Mumps Can Cause Hearing Loss In Children

Mumps were once a common childhood disease. With the advent of the measles-mumps-rubella vaccine, however, it became less common.

Concerns over a possible link between vaccinations and autism, many parents are choosing not to vaccinate their children, or to adopt a delayed schedule.

Side effects of having the mumps are rare, but potentially serious. These may include inflammation of the ovaries, breasts, testicles, pancreas, brain, or tissues surrounding the brain and spinal cord.

Another rare but potential complication of having the mumps is hearing loss, and according to recent studies, this complication may be more common than previously realized.

If you have been exposed to the mumps, symptoms generally appear in about two to three weeks. Unfortunately, you will have been contagious for about one week before the appearance of symptoms.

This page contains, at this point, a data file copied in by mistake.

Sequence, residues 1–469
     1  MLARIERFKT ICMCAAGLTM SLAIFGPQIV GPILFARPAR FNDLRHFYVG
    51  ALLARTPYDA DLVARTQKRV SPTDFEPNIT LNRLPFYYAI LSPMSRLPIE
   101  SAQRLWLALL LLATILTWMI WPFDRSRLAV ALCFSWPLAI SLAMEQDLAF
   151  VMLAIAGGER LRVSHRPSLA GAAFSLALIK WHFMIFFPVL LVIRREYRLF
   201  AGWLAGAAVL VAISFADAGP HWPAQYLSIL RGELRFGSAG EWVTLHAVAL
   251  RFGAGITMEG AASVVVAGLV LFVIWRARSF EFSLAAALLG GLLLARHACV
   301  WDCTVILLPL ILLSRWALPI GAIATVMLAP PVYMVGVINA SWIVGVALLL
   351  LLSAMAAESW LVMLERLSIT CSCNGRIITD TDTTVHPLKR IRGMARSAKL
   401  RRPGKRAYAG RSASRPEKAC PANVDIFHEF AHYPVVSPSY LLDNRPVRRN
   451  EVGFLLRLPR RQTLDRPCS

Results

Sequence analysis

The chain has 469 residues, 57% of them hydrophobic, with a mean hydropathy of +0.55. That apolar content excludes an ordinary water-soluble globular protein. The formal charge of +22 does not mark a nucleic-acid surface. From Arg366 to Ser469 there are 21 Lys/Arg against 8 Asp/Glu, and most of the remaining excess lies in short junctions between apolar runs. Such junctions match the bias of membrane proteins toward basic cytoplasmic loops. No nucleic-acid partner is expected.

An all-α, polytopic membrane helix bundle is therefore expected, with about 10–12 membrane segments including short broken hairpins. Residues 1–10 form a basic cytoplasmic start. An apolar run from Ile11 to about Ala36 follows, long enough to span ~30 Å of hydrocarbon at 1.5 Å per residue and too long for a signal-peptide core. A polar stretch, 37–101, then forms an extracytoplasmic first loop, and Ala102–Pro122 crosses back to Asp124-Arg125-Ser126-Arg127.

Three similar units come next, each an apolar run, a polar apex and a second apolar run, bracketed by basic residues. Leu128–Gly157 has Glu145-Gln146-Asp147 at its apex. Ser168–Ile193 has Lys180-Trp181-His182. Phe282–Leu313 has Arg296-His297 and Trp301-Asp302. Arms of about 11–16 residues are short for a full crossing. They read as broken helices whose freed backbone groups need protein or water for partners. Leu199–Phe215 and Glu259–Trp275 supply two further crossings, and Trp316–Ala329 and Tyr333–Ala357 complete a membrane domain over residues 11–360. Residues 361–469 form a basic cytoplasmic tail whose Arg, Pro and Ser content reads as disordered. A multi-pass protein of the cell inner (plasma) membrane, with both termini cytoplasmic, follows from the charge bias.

Symptoms of the mumps include fever, headache and muscle aches, tiredness, a loss of appetite, and swelling of the salivary glands. You will continue to be contagious for about 10 days to 2 weeks after symptoms appear.

The mumps are caused by a virus [Mumps Virus]. Treatment consists mainly of addressing the symptoms, including giving anti-inflammatory medications for pain and inflammation, antipyretics to reduce fever, and plenty of fluids to avoid dehydration.

Swollen salivary glands may feel better when either ice packs or heating pads are applied.